- The Washington Times - Monday, October 24, 2005

Confronting conflicting beliefs

Suzanne Fields should be counting her blessings that colleges across the nation are promoting, as she calls it, “undisciplined social experimentation” (“The evil virus upon us,” Op-Ed, Thursday). If an “authentic liberal education promotes both character and understanding,” conservative parents should be flocking to send their children to such schools as New York University and Vassar, Williams and Smith colleges. There is no better condition for testing “moral, religious, social, and political” beliefs than by confronting them with conflicting ones. Rather than inhibiting debate, contradictory views in the classroom promote it and advance everyone’s education.

My own education would have been deficient without them.


Princeton, N.J.

Misusing the peoples’ asset

Yes, Iraq desperately needs to become an ownership society, and the Iraqi people should put some form of oil trust referendum on their next national ballot, as advocated by Austin Bay (“Spreading the wealth,” Commentary, Friday). And, yes, the Coalition Provisional Authority missed a key opportunity to make oil cash payments directly to Iraqi voters starting in May 2003 when the United Nations mandated the use of oil revenues by the CPA “for the benefit of the Iraqi people.”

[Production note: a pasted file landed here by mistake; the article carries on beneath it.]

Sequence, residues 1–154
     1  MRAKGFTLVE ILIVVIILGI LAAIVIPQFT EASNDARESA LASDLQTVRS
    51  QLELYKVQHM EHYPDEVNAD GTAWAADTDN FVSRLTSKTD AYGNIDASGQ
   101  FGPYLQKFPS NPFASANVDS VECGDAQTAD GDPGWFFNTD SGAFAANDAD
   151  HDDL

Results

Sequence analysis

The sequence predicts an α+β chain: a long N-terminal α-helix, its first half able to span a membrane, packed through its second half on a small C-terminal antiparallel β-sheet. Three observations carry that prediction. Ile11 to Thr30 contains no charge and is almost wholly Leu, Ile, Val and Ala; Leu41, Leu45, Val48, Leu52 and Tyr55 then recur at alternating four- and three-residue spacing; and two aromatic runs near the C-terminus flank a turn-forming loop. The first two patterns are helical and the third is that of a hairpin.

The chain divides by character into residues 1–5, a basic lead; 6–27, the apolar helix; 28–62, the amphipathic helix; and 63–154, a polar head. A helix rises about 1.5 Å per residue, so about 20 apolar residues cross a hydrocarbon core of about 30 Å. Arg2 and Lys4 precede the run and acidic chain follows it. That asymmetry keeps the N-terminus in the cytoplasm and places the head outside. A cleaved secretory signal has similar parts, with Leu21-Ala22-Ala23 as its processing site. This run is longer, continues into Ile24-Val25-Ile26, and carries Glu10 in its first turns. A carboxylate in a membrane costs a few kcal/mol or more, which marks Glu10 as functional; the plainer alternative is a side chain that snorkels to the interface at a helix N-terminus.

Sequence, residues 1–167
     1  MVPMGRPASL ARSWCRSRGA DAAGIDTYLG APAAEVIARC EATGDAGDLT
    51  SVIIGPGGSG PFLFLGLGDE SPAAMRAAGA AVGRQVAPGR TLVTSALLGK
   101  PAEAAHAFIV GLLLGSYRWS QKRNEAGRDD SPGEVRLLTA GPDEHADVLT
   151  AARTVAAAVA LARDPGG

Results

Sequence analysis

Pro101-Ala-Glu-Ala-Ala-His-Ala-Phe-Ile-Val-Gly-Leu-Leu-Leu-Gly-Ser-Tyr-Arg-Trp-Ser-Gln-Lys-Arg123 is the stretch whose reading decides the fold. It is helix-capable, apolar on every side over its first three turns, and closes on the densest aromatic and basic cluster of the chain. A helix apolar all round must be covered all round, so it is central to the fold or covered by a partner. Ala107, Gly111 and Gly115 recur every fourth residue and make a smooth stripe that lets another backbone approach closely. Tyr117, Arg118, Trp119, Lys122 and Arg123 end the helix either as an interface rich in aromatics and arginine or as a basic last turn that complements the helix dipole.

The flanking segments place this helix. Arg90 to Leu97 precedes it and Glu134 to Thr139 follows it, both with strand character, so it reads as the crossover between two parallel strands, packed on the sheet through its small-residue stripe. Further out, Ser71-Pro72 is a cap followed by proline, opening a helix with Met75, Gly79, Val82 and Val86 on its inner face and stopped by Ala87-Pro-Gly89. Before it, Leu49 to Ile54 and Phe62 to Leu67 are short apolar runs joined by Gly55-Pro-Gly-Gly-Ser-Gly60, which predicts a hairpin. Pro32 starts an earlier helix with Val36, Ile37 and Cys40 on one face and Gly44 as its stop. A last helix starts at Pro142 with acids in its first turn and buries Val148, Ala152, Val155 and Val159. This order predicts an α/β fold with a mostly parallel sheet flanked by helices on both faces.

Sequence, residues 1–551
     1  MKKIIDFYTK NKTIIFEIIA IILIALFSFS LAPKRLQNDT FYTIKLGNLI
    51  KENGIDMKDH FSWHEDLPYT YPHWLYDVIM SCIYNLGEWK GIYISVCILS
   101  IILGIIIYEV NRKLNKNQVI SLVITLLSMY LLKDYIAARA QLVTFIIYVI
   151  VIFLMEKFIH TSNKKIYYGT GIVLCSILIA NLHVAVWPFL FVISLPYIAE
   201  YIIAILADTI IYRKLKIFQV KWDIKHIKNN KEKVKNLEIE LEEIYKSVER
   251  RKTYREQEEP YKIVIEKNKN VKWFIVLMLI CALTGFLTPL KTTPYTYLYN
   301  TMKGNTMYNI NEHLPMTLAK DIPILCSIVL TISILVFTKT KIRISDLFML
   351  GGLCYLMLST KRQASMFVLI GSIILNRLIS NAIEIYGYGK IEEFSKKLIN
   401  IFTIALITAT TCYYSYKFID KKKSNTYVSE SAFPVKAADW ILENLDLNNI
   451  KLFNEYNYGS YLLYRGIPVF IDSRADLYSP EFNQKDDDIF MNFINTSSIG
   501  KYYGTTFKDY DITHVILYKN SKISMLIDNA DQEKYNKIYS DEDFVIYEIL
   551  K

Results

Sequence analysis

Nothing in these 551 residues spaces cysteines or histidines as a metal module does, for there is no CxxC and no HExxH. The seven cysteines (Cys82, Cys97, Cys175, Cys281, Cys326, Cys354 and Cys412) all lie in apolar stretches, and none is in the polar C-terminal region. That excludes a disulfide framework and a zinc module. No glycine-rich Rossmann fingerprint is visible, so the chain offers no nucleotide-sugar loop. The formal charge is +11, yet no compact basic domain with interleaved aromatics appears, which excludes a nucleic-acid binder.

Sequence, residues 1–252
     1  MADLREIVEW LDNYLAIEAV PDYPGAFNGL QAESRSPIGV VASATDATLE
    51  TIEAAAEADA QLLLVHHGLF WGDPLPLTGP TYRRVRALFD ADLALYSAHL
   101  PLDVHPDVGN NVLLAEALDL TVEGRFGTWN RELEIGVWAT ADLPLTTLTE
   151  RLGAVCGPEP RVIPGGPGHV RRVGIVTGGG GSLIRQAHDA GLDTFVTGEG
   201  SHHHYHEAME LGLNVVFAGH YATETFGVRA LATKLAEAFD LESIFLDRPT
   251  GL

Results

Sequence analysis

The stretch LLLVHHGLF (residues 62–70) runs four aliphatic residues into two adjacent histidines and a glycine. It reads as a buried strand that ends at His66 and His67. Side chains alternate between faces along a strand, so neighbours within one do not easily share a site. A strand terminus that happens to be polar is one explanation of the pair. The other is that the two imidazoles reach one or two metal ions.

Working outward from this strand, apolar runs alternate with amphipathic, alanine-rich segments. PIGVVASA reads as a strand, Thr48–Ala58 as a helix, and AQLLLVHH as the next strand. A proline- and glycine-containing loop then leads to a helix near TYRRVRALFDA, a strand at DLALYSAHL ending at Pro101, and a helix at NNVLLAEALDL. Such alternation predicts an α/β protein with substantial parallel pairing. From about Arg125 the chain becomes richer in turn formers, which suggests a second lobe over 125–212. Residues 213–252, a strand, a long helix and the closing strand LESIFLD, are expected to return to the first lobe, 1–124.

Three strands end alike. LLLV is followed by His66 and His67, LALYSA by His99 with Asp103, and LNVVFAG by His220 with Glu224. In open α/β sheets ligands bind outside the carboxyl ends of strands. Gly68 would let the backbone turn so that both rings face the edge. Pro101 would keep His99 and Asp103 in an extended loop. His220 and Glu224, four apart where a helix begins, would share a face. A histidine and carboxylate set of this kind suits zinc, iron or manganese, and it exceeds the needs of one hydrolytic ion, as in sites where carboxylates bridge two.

There is still one other opportunity left to us to lessen the oil peril: We must establish a new paradigm for ownership rights for Middle Eastern oil. President Bush and the State Department can and must use our bully pulpit to convince the people of the Middle East that oil revenues belong to the people, not to “the country” and, above all, not to the government.

Government is only a trustee for the people, and the people must be able to hold their government accountable under its trusteeship. Control of Iraq’s oil cash flow is what made Saddam Hussein so powerful, dangerous and unaccountable to anyone for his misdeeds.